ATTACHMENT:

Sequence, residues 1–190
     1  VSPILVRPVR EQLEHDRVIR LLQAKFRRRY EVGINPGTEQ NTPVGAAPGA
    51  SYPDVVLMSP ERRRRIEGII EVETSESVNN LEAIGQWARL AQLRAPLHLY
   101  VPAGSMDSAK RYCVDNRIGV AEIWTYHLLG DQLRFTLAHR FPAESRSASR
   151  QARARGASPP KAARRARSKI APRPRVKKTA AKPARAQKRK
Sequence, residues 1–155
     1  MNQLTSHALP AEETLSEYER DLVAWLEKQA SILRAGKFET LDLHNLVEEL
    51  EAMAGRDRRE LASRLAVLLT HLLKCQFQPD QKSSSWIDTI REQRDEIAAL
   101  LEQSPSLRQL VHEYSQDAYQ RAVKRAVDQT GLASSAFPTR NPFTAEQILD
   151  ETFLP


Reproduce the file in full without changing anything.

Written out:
Sequence, residues 1–190
     1  VSPILVRPVR EQLEHDRVIR LLQAKFRRRY EVGINPGTEQ NTPVGAAPGA
    51  SYPDVVLMSP ERRRRIEGII EVETSESVNN LEAIGQWARL AQLRAPLHLY
   101  VPAGSMDSAK RYCVDNRIGV AEIWTYHLLG DQLRFTLAHR FPAESRSASR
   151  QARARGASPP KAARRARSKI APRPRVKKTA AKPARAQKRK
Sequence, residues 1–155
     1  MNQLTSHALP AEETLSEYER DLVAWLEKQA SILRAGKFET LDLHNLVEEL
    51  EAMAGRDRRE LASRLAVLLT HLLKCQFQPD QKSSSWIDTI REQRDEIAAL
   101  LEQSPSLRQL VHEYSQDAYQ RAVKRAVDQT GLASSAFPTR NPFTAEQILD
   151  ETFLP